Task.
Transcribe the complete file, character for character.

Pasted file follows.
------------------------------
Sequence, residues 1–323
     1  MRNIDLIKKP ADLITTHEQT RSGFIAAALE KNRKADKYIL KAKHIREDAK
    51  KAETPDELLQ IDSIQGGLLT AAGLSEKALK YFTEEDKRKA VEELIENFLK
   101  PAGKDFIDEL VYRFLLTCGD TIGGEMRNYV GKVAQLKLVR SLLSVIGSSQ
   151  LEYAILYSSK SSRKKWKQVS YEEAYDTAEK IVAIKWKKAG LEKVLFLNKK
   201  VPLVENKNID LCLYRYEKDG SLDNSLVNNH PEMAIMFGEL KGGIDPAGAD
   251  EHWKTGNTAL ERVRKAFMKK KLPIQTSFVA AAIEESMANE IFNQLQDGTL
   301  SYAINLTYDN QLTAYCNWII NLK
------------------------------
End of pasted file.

Sequence, residues 1–323
     1  MRNIDLIKKP ADLITTHEQT RSGFIAAALE KNRKADKYIL KAKHIREDAK
    51  KAETPDELLQ IDSIQGGLLT AAGLSEKALK YFTEEDKRKA VEELIENFLK
   101  PAGKDFIDEL VYRFLLTCGD TIGGEMRNYV GKVAQLKLVR SLLSVIGSSQ
   151  LEYAILYSSK SSRKKWKQVS YEEAYDTAEK IVAIKWKKAG LEKVLFLNKK
   201  VPLVENKNID LCLYRYEKDG SLDNSLVNNH PEMAIMFGEL KGGIDPAGAD
   251  EHWKTGNTAL ERVRKAFMKK KLPIQTSFVA AAIEESMANE IFNQLQDGTL
   301  SYAINLTYDN QLTAYCNWII NLK